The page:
IV.  What is a Corporate Integrity Agreement (CIA) / Integrity Agreement (IA)?

A CIA is essentially a mandatory Compliance Plan that is carefully supervised and monitored by the OIG.[2] The requirement for a CIA is typically part of a larger civil settlement between a health care provider or supplier and the government.  This settlement is effectively a contract between an entity and the government, in the event of a breach the OIG may have one or more remedies that it may pursue.  When dealing with an individual or small practice, the OIG typically enters into an Integrity Agreement (IA) as part of its settlement with a defendant.

Under the terms of a CIA, a health care entity agrees to implement and comply with a variety of reporting requirements, training and auditing / monitoring obligations in exchange for the OIG agreeing not to exercise its permissive exclusion authority.  While each CIA is tailored to account for the specific issue of concern in the underlying settlement, there are a standard set of requirements that are included in most CIAs approved by the OIG.  For example, most CIAs require that a provider establish new policies and procedures to prevent future overpayments, employ compliance staff, conduct worker training, and pay for an Independent Review Organization (IRO) to conduct periodic claims audits.

Usually lasting for up to 5 years, CIAs focus on identifying overpayments and refunding the payor agency in a timely manner. Providers are also typically required to alert the OIG within 30 days of any designated “reportable events” identified in the CIA, including substantial overpayments and the potential violation of criminal / civil laws and administrative requirements.

V.  What is a “Reportable Event”?

Most CIAs require that if a provider identifies a reportable event, it must be disclosed to the OIG within 30 day.  What is a reportable event?  Great question.  As specified in the agreement between the parties, it typically includes:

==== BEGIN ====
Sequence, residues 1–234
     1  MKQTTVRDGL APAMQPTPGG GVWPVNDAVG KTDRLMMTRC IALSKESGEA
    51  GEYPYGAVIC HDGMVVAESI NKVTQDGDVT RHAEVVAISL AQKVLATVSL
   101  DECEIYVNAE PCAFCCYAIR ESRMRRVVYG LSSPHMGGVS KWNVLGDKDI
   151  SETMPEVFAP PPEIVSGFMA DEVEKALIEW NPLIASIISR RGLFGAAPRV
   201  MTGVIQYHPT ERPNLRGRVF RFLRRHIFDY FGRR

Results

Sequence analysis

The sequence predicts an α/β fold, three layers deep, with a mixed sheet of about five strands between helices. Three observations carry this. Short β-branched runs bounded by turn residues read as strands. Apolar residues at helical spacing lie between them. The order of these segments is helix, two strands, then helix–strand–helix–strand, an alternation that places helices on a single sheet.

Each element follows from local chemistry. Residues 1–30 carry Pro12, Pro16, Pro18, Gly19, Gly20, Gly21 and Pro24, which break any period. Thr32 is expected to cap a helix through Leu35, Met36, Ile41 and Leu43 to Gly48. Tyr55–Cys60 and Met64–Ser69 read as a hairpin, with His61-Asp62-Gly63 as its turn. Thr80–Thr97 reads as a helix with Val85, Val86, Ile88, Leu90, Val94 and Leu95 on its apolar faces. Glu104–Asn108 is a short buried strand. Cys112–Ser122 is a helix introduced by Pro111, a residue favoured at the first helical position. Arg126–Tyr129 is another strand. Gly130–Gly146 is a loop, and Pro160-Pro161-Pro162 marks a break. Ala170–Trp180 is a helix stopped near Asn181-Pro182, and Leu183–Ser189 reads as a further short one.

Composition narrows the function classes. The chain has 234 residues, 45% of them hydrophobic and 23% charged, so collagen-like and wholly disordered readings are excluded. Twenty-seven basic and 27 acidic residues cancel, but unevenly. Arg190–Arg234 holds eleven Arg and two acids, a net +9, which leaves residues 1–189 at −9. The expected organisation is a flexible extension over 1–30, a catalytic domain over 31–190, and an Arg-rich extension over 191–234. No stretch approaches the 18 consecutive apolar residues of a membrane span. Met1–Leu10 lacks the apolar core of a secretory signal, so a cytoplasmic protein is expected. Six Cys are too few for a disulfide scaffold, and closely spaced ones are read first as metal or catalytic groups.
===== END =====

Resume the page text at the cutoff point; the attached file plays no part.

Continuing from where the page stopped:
• a substantial overpayment;
  • a matter that a reasonable person would consider a potential violation of criminal, civil, or administrative laws applicable to any Federal health care program for which penalties or exclusion may be authorized;
  • the employment of or contracting with an ineligible person (as defined in the CIA); or
  • the filing of a bankruptcy petition.

VI.  What Types of Penalties May be Assessed if an Individual or Entity Fails to Meet its Obligations Under a CIA?

The OIG takes CIAs very seriously.  If you enter into a CIA and fail to comply with your contractual obligations, you should expect the OIG to pursue the maximum penalties allowable under the terms of the agreement.  Remedies available to the OIG include stipulated penalties and exclusion.

(A)  Stipulated Penalties. An integral part of most CIAs / IAs is the requirement that a Medicare provider or supplier agree to stipulate to the assessment of significant monetary penalties should the organization or individual fail to comply with certain obligations set out in the agreement.  It is important to note that stipulated penalties accrue each day that a Medicare provider or supplier is in breach of its contractual obligations with the OIG.  Sample language pulled from a recent CIA is set out below:

A. Stipulated Penalties for Failure to Comply with Certain Obligations

 As a contractual remedy, [Medicare Provider] and OIG hereby agree that failure to comply with certain obligations as set forth in this CIA may lead to the imposition of the following monetary penalties (hereinafter referred to as “Stipulated Penalties”) in accordance with the following provisions.

 1. A Stipulated Penalty of $2,500 (which shall begin to accrue on the day after the date the obligation became due) for each day [Medicare Provider] fails to establish, implement or comply with any of the following obligations as described in Section III:

 a. a Compliance Officer;

b. a Compliance Committee;

c. the Board of Directors compliance obligations;

d. the management certification obligations;

e. written Policies and Procedures;

f. a written process for Certifying Employees to follow for the purpose of completing the certification required by Section III.A.4;

g. training and education of Covered Persons and Board Members;

h. a risk assessment and internal review process;

i. a Disclosure Program;

j. Ineligible Persons screening and removal requirements;[3]

k. notification of Government investigations or legal proceedings;

k. policies and procedures regarding the repayment of Overpayments; and